I let out the dog and stand in the air, inhaling lungfuls of land and sea smell. A damp breeze circles my ankles. Suddenly nearby a loon cry and then another and another. On this shore we say that means a change in the weather. Usually rain. But I also hear: company in the darkness so eloquent that at once it pierces and names your loneliness. Loonsong the stitch that knits life and death and every isolated sorrow, the sound for which I’ve forever waited at the water’s edge, neither coming nor going nor yet surely staying. Continue reading Nightdark loonsong heartswail
We walk in the rain at dusk along /a broken black road frogs chanting/in the ditches…
This poem is one of a series of shortened sonnets, in which I test what happens if I compress the sonnet into 13 rather than 14 lines. It feels as if, sometimes, hurry is what happens–the poem dashes off, like a dog into the night. Continue reading Into the thrill
We are seized by the yellow light of the fading afternoon: the way the islands flame before the setting sun. Here is winter, but there is light. Continue reading What is seen in a season of darkness
These are the things I want to remember this Remembrance Day: everything that is alive that impresses itself on my senses, not the celebratory stories of European wars and muscular bravery, the pomp and pride that says “Look what we did; this land is our land; war is sacrifice is glory.” What terrible stewards and guests we colonials have been and go on being; even when we think we’re at peace we wage war on other beings, wrecking and murdering, fissuring the earth and all of its resources in the name of conquest, ownership, profit and, ironically, “survival”–a survival that is ever more clearly on its way to choking us all. Our noisy honking drowns out the very voices to which we need to listen. Truly I do not want to study war anymore, neither on this day nor any other; its racket, its glorious tales of the seizure of territories, is not where we most need to hone what Toni Morrison, in Beloved, called our “rememories,” or remembrance of memories right now. Continue reading “All land is sacred:” Another kind of remembrance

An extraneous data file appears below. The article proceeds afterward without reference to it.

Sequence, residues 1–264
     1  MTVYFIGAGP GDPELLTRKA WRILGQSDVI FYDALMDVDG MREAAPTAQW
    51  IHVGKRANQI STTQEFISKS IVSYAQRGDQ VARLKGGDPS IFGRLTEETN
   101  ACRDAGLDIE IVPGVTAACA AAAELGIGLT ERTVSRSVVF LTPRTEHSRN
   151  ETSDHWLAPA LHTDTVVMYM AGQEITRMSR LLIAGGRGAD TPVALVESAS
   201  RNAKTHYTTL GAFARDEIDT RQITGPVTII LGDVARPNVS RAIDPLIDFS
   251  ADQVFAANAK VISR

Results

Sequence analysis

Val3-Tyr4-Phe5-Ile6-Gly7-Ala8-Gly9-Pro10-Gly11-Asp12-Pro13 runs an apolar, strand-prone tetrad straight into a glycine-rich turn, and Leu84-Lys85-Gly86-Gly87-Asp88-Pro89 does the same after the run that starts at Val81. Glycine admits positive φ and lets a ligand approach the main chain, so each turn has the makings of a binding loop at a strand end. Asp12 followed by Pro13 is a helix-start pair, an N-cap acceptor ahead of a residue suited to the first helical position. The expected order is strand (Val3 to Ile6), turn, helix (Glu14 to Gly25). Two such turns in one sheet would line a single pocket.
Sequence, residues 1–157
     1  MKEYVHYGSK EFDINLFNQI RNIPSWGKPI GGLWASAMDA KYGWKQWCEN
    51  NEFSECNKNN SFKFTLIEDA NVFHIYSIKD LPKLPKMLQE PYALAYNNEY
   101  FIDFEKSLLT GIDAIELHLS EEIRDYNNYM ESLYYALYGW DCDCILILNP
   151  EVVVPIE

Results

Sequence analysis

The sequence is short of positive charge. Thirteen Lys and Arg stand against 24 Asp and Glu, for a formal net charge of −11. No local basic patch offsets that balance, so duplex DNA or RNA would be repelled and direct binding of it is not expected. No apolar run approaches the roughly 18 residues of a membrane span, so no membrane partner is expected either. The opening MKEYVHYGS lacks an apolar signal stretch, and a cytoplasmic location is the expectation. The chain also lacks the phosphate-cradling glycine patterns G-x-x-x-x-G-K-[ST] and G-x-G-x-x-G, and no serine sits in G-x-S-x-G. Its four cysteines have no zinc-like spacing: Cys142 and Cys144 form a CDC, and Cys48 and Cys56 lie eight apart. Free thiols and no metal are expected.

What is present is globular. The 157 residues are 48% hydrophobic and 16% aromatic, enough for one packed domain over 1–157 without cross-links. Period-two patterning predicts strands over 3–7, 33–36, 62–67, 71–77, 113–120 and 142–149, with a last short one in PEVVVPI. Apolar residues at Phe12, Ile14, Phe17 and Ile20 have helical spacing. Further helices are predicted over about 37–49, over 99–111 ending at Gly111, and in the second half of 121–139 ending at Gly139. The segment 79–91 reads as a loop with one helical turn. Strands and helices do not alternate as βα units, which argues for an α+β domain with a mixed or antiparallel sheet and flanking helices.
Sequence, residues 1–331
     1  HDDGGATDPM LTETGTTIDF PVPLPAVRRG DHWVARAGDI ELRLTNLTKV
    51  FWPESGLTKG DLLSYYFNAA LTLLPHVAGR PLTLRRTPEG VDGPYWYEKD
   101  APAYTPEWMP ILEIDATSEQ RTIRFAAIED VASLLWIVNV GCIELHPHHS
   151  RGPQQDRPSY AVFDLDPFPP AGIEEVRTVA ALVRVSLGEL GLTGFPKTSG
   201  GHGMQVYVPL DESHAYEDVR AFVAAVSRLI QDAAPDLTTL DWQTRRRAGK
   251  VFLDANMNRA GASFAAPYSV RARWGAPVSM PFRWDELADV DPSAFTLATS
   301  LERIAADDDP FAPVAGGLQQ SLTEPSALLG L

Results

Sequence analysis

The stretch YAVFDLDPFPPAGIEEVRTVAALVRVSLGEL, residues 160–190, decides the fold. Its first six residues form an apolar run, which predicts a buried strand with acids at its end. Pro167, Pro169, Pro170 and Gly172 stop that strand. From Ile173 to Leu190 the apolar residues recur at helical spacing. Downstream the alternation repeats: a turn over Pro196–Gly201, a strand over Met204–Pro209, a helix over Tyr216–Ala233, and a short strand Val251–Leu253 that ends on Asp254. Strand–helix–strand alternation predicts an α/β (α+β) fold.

Faintly the peepers shimmer. Ice has just melted in the hollows and now fog shrouds us as if hiding the tenderness of shoots and leaves and newly laid eggs from the outside world. Continue reading Now fog shrouds us
As winter recedes we find bones along the beach. The dog gnaws some of them, but not the coyote skull with its long canines and nasal passages packed with a delicate fretwork of turbinates. Continue reading The quick and the dead
We have to climb to see the sunshine. At 40,000 feet, the clouds seem like a vast snow-blasted landscape–blue shadows of the distance like linking pools of half-frozen water. It is a landscape without trees, just the long arc of the atmosphere curving away in the distance. The sun is bright and hot–it seems as if it has been days since I’ve felt its heat and blare, the sting of so much light in my eyes. Continue reading Who will watch you while you sleep?
Winter blows in.
Geese gather in the yard in advance of the ice, eating what remains of the grass. Continue reading Winter blows in
Pintails warble into the quiet air; then the sound of a rifle and its recoil. Hunting season again. I dress my doe-coloured dog in a rouge coat, pull on my gloves. Continue reading Kindred blood of all that breathes